communion20110118 by J976r4

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									18 January 2011

Dear Pastors, Pastoral Animators and Parishioners,

        As I am sure you are all aware, there is a new Missal (Sacramentary) being
prepared for the English-language dioceses of the world. The implementation date for
this in Canada will not be set until we get final approval from the Holy See. When this
does happen, then the Archdiocese of Grouard-McLennan will begin preparation for
making the transitions that will be called for in the new texts of the Mass.

        I am encouraged by reading what officials say in this matter, which is that the
introduction of the new Missal will be the occasion for a new catechesis on the Eucharist.
In a number of ways, I feel there has arisen some doubt and confusion even among
faithfully practicing Catholics about the very nature of the Eucharist, and how we should
understand this sacrament in our lives.

       As we await the final approval of texts from Rome and the beginning of teaching
sessions, I would like to share with you some concerns that have recently been brought to
my attention. This has to do with the manner in which we receive Communion at Mass.

        In order to appreciate these concerns, let me state very simply the Church’s belief
about the Eucharist: that it is indeed the Body and Blood of Jesus Christ. How the
transformation of ordinary bread and wine becomes Christ’s Body and Blood is a
profound mystery, and theologians over the centuries have reflected on the mystery that it
is. St. Thomas Aquinas spoke of this mystery as “transubstantiation” – that the physical
attributes of bread and wine (appearance, taste, smell, texture) remain the same, while the
deeper essence (or substance) has changed. If we personally believe what the Church
teaches on this matter, then the way we approach, receive and treat the Eucharist must be
with deep reverence and respect.

       Keeping this always in mind, let me address the matters that have been brought to
my attention:
   1. Some individuals come up in the communion line with little attention to what they
       are about to receive. Even though they have just shared the sign of peace at the
       appropriate moment, they “greet” others in their pews or offer a subtle “high five”
       to other communicants. This is very distracting for others, and displays a lack of
       focus on the Eucharist that is being received.
   2. Some engage in the practice of “intinction” or “dipping” of the sacred bread into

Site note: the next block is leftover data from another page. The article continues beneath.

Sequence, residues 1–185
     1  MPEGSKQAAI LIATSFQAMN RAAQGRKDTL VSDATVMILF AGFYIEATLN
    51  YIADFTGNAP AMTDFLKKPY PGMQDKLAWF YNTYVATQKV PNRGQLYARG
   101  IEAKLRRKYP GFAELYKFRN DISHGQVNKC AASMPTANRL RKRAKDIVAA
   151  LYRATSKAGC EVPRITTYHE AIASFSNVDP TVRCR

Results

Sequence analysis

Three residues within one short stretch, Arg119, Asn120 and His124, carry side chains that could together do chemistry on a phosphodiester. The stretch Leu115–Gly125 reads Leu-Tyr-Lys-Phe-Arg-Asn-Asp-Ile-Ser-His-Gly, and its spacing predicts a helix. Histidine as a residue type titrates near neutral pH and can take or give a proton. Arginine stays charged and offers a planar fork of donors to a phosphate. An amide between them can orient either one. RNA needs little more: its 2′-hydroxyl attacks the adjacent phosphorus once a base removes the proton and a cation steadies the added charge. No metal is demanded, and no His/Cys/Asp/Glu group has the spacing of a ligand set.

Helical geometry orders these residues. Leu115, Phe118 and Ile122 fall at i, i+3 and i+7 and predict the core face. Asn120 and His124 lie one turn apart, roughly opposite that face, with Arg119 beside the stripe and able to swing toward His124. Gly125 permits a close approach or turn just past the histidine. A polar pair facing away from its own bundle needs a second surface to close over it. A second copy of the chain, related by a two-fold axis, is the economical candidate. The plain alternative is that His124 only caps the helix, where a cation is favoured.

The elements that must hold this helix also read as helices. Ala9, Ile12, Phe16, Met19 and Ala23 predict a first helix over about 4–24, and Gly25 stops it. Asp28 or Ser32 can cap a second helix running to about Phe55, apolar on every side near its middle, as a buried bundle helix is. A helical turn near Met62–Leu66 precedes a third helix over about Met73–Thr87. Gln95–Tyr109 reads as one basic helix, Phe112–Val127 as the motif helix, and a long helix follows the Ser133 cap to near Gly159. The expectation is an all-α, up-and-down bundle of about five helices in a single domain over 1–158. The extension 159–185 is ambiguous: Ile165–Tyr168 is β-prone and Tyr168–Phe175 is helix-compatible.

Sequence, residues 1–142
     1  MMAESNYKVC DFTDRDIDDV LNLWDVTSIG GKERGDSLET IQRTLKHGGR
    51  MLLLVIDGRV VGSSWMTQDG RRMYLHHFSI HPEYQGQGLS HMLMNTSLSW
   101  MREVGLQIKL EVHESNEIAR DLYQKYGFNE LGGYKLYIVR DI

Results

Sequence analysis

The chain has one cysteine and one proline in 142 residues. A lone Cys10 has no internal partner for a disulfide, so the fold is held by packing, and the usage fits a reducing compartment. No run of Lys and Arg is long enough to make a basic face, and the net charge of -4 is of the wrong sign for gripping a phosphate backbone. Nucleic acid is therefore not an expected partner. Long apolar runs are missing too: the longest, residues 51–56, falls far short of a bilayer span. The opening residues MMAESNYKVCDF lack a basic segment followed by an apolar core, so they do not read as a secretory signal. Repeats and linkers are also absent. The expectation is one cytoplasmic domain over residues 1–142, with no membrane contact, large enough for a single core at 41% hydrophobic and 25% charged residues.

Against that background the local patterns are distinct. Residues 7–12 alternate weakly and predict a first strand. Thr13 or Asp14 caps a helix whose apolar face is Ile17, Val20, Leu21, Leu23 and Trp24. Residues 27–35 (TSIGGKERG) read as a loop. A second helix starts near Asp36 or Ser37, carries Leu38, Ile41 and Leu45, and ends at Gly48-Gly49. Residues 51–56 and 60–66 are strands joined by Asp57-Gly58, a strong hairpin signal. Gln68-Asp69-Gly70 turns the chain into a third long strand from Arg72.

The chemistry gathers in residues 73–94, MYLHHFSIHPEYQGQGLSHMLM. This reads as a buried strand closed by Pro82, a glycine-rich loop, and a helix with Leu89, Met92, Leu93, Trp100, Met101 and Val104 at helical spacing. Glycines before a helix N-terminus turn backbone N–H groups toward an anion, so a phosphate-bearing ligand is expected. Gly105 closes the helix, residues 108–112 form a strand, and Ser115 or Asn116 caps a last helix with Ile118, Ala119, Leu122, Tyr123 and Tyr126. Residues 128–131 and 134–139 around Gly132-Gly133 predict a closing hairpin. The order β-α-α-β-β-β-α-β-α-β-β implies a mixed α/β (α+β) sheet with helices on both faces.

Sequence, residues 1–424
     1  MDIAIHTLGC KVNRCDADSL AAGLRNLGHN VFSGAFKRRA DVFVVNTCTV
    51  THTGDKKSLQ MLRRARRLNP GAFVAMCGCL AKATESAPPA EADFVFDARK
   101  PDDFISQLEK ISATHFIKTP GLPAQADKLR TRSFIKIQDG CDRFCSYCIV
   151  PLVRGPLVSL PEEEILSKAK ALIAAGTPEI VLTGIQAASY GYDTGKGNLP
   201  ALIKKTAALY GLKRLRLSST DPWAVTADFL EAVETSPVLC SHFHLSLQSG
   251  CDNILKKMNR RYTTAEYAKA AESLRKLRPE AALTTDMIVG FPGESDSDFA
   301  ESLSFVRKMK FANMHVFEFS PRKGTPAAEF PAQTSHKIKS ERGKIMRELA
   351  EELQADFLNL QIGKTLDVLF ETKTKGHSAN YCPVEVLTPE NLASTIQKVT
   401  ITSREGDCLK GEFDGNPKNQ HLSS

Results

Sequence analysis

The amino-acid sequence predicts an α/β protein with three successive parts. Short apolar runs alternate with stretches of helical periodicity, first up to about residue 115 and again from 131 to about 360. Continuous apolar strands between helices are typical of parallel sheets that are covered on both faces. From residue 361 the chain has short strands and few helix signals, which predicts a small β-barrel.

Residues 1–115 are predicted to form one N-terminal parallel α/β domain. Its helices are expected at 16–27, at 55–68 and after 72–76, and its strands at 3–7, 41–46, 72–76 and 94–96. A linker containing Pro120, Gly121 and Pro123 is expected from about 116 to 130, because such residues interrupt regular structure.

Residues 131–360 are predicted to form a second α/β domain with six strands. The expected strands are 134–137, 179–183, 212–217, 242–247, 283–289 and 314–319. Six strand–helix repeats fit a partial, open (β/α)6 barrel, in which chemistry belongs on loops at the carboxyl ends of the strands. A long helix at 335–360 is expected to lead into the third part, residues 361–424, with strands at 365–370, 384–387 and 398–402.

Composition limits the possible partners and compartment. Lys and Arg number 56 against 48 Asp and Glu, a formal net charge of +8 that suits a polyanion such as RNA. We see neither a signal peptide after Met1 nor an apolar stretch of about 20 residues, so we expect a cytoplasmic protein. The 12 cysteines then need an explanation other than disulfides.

the chalice before consuming it. Though this practice became popular in some

                         P.O. Box 388, McLennan AB T0H 2L0
        Phone 780 324 3002 Fax 780 324 3952     Email gpettipas@serbernet.com
      places, it is clearly no longer to be done. According to the new Instruction,
      Communion by intinction is possible, but where it becomes the custom, it must be
      done only by the minister of Communion, and everyone then receives communion
      in this same way.
   3. There is always the difficult question of who may (or may not) receive
      Communion. It is my feeling that the minister of Communion cannot be expected
      to decide whom to give or deny Communion to as they present themselves. In the
      Catholic Church’s tradition, Communion in the Body and Blood of Jesus reflects
      not only faith in Him, but also full “communion” with the Catholic Church. With
      some few and extraordinary exceptions, only those who are bona fide Catholics,
      and whose lifestyle is consistent with Church teaching and practice should seek to
      receive Communion. All others are (and should be made to feel) warmly
      welcome at our celebrations of the Eucharist, but they should refrain from
      receiving Communion. It has become customary for such persons to present
      themselves in the Communion line with their arms folded over their chest, so as to
      receive an expression of God’s love for them from the Eucharistic minister.
   4. Those receiving Communion should not have chewing gum or cough drops or any
      candies in their mouth as they receive the Body and Blood of Christ.
   5. Those receiving Communion on the hand are to place one opened palm on top of
      the other, for the minister of Communion to place the host on the top opened
      palm. The communicant then steps to one side, and uses the bottom hand to place
      the Eucharistic bread into his/her mouth. Only then should the communicant
      move to receive Communion from the chalice, or return to his/her seat.

        I remind pastors that, consistent with the motu proprio Immensae Caritatis of
Pope Paul VI dated 29 January 1973, the bishop is to appoint by name those who are
designated as Extraordinary Ministers of the Eucharist, either for a set period of time or
permanently. I ask pastors who have not done so to submit the names of such
parishioners to my office in McLennan.

        Thank you for your attention to this instruction. I realize that these directions
may strike some as being very detailed, but I believe that the observance of these
directives will maintain the solemnity and intimacy that is proper to the reception of the
Body and Blood of Christ.

Yours sincerely in Christ the Redeemer,


+ Gerard Pettipas, C.Ss.R.
Archbishop of Grouard-McLennan




                         P.O. Box 388, McLennan AB T0H 2L0
        Phone 780 324 3002 Fax 780 324 3952     Email gpettipas@serbernet.com

								
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